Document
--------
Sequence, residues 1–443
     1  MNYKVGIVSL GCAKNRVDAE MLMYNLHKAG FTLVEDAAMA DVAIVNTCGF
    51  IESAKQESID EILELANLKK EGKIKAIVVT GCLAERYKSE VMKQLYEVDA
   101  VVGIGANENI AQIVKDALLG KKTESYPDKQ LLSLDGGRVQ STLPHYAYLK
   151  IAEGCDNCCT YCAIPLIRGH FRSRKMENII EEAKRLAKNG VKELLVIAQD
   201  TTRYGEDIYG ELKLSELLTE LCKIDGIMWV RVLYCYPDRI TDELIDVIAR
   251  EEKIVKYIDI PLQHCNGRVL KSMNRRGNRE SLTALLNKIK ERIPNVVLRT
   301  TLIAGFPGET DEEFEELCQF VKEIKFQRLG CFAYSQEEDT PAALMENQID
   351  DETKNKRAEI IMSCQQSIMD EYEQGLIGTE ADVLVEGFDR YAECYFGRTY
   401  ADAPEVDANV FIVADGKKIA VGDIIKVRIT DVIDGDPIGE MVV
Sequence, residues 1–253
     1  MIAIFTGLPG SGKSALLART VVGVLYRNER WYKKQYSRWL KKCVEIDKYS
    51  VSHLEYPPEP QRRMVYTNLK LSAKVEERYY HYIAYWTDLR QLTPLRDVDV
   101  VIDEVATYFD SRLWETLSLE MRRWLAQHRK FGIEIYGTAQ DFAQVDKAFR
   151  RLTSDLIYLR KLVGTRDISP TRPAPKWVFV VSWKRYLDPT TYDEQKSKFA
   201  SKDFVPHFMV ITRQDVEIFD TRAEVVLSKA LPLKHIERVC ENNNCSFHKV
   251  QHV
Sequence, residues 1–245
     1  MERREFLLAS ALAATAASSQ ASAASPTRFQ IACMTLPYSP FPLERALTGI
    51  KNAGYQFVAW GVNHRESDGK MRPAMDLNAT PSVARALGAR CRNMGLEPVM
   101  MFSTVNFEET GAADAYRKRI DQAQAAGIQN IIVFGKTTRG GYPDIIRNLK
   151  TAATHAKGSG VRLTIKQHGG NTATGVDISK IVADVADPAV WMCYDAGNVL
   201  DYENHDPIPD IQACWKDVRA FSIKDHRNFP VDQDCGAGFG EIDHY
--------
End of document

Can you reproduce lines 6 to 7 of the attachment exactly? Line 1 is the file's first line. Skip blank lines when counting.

   201  TTRYGEDIYG ELKLSELLTE LCKIDGIMWV RVLYCYPDRI TDELIDVIAR
   251  EEKIVKYIDI PLQHCNGRVL KSMNRRGNRE SLTALLNKIK ERIPNVVLRT